Document Type

Poster Session

Publication Date

Fall 12-6-2013

Research Advisor(s)

Denise Simpson, Ph.D.; Samson Amos, Ph.D.


flavonoid, curcuminoid, natural products, brain tumor, cancer, treatment, cell, tumor


Cancer accounts for 25% of deaths in the United States, and brain tumors greatly contribute to this percentage. However, relative to other types of cancers, brain tumors prove difficult to treat because they are heterogeneous, highly proliferative, highly invasive, and resistant to the traditional cancer treatments of chemotherapy and radiotherapy. Past studies have shown that flavonoids and curcuminoids, two classes of compounds derived from natural sources, are effective in inhibiting the development and metastasis of breast and lung cancer cells. Research has also indicated that these compounds have potential for treating brain tumors.

The purpose of this research is to further explore the potential of flavonoids as therapeutic options for the treatment of brain tumors. Specifically, flavonoids’ effect on cell proliferation, cell death, and tumor invasion will be studied. Another objective of this study is to identify the signaling mechanism by which flavonoids mediate their therapeutic effects on brain tumor cell lines. Three human brain tumor cell lines (U-1242, U-251, and U-87) will be studied. They will be treated with various flavonoids at increasing concentrations (10, 20, 40, and 80 µM). Cells will be counted following the trypan blue staining protocol. MTT assays and Western blot analyses will be used to assess cell proliferation. Cell death will be assessed with flow analyses and Western blot analyses. Unpaired t-tests will be run to compare treated and control cells at a 95% confidence interval. If necessary, one-way ANOVA with multiple comparisons will be used to compare multiple treatment groups and a control at a 95% confidence interval, and the Tukey post-hoc test will be utilized if appropriate. All statistical tests will be run in IBM SPSS 21®.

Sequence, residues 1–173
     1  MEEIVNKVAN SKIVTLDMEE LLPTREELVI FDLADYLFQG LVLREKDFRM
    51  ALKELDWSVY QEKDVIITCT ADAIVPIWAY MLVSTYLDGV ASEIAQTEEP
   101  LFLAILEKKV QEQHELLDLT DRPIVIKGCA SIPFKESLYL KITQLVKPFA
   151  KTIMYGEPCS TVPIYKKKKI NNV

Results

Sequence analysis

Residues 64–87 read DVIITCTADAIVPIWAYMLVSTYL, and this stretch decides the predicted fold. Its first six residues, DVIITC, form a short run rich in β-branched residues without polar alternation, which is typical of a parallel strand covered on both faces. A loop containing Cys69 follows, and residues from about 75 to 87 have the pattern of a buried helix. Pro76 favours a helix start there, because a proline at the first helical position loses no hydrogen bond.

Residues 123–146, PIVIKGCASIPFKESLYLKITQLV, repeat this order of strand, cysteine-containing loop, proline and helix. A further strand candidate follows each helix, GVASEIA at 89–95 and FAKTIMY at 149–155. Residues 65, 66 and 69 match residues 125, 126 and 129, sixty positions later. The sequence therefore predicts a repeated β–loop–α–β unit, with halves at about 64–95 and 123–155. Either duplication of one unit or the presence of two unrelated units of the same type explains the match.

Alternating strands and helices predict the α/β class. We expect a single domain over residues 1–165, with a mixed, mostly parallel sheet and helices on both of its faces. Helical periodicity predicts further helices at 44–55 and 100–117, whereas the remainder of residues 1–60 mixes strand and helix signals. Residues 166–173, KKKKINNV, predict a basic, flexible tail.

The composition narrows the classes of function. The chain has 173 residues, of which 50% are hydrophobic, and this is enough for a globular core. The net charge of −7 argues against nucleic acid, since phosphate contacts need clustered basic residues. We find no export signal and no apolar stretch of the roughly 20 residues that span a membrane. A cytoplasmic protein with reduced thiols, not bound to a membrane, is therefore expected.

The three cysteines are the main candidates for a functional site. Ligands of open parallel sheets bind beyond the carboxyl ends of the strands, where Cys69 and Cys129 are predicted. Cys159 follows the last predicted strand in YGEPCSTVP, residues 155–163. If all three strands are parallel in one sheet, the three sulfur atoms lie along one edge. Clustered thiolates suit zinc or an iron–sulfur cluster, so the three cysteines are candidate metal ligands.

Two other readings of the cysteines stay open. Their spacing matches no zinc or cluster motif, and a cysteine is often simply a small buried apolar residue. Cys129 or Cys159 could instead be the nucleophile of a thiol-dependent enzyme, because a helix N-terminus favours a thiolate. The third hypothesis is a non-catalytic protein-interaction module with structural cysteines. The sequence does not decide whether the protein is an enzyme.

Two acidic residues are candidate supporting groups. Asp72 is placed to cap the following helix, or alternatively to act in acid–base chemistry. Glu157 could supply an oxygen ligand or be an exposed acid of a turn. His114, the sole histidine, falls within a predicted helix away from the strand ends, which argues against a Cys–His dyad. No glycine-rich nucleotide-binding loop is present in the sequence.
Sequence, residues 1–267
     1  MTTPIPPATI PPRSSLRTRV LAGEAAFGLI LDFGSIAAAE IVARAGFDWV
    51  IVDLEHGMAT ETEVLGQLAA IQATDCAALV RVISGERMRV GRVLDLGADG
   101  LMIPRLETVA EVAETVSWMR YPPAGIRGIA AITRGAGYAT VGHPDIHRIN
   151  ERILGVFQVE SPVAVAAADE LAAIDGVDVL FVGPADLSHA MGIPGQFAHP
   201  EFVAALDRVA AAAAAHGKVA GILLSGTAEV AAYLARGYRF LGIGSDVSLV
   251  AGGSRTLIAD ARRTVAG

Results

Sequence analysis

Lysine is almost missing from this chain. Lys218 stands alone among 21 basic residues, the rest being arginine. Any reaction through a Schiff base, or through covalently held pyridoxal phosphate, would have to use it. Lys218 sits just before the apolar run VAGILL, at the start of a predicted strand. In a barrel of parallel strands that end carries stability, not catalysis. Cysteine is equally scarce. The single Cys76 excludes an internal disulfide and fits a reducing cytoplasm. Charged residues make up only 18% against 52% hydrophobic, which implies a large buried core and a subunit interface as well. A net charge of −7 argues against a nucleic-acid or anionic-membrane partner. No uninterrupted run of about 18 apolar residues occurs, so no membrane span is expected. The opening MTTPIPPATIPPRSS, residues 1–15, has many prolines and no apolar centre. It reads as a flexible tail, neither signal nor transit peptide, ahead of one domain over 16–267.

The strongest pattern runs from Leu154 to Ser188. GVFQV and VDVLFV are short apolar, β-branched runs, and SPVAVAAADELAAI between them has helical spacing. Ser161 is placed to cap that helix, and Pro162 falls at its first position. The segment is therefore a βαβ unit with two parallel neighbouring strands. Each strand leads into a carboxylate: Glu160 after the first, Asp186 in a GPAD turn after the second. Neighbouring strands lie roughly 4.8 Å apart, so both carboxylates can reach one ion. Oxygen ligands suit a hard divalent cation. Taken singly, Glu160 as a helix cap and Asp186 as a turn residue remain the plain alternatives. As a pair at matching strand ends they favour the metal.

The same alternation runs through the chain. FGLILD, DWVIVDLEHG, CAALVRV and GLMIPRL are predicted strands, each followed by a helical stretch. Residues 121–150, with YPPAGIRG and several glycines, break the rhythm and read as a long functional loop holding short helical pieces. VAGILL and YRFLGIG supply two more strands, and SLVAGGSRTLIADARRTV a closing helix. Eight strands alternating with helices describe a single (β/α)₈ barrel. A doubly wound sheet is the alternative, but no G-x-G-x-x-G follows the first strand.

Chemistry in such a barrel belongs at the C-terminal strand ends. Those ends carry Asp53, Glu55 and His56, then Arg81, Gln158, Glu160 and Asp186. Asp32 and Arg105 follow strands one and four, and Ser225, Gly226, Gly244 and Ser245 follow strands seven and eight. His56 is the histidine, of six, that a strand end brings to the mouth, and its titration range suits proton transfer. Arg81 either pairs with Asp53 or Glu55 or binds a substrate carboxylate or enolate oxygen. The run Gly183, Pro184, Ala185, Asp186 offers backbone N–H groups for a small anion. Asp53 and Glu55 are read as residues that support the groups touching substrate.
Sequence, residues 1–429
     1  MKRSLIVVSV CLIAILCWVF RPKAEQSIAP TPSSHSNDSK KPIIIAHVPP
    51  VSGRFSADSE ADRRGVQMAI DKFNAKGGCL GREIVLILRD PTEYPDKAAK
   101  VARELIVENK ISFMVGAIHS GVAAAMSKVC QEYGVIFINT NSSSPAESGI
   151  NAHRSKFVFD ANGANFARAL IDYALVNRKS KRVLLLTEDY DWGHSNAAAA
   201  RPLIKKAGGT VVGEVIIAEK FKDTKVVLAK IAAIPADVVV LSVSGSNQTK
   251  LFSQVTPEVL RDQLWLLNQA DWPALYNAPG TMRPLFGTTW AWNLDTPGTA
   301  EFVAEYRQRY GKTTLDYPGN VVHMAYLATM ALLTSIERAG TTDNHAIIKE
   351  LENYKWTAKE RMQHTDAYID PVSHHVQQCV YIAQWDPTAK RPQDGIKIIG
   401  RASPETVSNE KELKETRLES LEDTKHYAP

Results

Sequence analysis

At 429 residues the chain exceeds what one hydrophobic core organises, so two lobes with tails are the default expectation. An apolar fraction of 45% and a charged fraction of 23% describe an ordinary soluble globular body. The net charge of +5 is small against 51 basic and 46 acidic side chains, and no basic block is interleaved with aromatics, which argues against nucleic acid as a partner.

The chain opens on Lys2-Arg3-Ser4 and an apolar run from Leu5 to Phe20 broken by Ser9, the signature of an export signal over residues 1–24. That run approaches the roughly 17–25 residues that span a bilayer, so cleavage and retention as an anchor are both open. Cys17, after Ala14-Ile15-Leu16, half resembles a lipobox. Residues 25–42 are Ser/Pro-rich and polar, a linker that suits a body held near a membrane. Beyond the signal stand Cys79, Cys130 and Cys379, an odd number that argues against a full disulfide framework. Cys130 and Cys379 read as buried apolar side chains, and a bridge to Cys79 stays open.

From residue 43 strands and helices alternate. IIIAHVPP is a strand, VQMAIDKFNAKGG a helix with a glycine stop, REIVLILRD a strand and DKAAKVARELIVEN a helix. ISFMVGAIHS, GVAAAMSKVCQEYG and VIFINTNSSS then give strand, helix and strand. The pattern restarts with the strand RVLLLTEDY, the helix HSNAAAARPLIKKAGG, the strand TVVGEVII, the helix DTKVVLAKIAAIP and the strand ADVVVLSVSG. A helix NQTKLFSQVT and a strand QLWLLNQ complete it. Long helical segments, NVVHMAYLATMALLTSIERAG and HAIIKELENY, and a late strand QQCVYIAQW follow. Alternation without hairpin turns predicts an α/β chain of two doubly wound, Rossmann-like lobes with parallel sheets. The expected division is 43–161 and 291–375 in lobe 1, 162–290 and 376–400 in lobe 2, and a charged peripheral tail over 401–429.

Creative Commons License

Creative Commons License
This work is licensed under a Creative Commons Attribution-Noncommercial-No Derivative Works 3.0 License.



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